When we edited our writer’s draft of this month’s Innovative Meetings story about the World Hepatitis Summit — which brought 550 scientists, policymakers, and government officials from 56 countries to Glasgow last September to collaborate on how to fight the disease that claims 1.4 million victims each year — we moved the fact that this was a first-ever, inaugural event up to the top.
Why make that a priority? First, we’re all curious to learn how a brand-new program develops from the ground up. Beyond that, I think it reinforces the sense we’ve had at Convene for several years now that conferences are enjoying a renaissance. As communities develop around burgeoning technologies, niche markets, and industry sectors, they are finding events the ideal platform to connect their members face-to-face to address specific challenges and to chart their future course.
Such is the case with the World Hepatitis Summit, which was “designed to fill a gap in an area that has traditionally been saturated by scientific and medical conferences,” according to the event website, “but has lacked a platform for civil society and government to come together for the benefit of hepatitis patients.” Similarly, many of the recent conference launches that have captured our attention either focus on creative industries or have taken an especially creative approach to their profession, the conference format, and the makeup of their audience (three hallmarks of the World Hepatitis Summit).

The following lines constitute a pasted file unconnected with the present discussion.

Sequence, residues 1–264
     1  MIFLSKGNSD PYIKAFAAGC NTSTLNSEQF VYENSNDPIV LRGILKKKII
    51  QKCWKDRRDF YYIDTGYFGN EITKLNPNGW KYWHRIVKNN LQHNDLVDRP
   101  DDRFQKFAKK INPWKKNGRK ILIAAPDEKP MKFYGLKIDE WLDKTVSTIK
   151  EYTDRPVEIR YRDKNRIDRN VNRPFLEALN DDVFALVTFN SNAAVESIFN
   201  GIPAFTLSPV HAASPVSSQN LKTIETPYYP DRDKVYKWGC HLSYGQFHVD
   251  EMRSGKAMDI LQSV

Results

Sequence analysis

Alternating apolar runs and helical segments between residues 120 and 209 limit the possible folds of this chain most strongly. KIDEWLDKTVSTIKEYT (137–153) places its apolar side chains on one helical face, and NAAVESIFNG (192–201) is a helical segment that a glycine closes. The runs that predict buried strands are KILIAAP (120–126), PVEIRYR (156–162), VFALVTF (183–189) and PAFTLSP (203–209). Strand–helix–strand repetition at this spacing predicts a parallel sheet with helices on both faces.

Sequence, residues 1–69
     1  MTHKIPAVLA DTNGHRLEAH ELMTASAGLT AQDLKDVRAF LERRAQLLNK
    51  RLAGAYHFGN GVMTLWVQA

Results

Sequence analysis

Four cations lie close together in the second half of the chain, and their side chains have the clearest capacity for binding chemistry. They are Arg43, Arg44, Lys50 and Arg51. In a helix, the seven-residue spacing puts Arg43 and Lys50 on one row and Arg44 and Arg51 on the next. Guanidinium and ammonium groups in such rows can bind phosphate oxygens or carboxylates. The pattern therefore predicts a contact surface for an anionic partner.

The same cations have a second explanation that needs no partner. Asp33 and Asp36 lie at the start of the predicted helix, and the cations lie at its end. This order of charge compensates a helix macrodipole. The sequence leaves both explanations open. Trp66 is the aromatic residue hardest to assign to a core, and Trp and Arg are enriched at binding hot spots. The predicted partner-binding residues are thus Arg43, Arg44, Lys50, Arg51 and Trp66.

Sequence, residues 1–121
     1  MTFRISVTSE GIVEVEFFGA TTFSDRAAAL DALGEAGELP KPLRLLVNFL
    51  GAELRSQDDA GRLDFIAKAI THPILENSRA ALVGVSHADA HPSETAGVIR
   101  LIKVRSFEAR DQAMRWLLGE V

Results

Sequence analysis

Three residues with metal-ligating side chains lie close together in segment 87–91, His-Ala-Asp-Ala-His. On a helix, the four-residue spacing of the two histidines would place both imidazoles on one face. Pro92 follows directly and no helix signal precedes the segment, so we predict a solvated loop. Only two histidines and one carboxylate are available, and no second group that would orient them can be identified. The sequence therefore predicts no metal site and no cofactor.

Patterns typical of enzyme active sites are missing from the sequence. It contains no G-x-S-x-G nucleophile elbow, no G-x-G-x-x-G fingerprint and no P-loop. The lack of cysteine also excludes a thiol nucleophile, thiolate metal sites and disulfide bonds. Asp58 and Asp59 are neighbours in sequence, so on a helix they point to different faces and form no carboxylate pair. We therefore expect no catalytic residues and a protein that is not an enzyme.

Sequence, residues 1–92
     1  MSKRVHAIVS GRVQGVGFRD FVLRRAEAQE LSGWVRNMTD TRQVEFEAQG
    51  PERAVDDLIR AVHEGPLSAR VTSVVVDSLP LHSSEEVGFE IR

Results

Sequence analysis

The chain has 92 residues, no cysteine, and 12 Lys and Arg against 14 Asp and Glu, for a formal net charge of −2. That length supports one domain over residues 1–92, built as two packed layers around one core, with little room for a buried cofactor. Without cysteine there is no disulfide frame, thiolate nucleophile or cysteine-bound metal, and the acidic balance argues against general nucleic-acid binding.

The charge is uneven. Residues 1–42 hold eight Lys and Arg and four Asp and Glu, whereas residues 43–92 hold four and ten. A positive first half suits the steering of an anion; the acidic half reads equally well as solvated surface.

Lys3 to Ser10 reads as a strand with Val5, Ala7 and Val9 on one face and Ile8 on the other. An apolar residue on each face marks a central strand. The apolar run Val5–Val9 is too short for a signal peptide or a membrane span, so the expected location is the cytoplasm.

The first Digital Storytelling Conference, which kicked off the high-profile Sundance Film Festival this past January, is a good example of a new conference in the creative space. Its founder, VMA Media CEO Rick Parkhill, told Adweek that he envisioned that bringing about 150 attendees from across media and marketing together would “illuminate the possibilities and opportunities for brands to connect with audiences through storytelling of all types and all platforms.” In a video promoting the conference, a sponsor explained how the event would capitalize on having “the biggest brain trust in the room at one time,” and that it was as much about the attendees as the people presenting.
Illuminating possibilities and opportunities. Brain trust. Networking. Sounds like what every conference and convention is meant to offer, regardless of whether it’s brand spanking new or has a long history. The challenge for the latter category — operating in a space that the World Hepatitis Summit called “saturated” — is to make the attendee experience feel fresh year after year.
In this month’s cover and CMP Series story, we look at four different associations that have remade their annual meetings in order to do just that. One of those meetings is the National Association of Corporate Directors’ (NACD) Global Board Leaders’ Summit. As NACD Chief Marketing Officer Harry Stoever told Convene: “You don’t launch a product and never change it. You launch a product and you learn, you evolve; you learn, you evolve; you learn, you evolve.”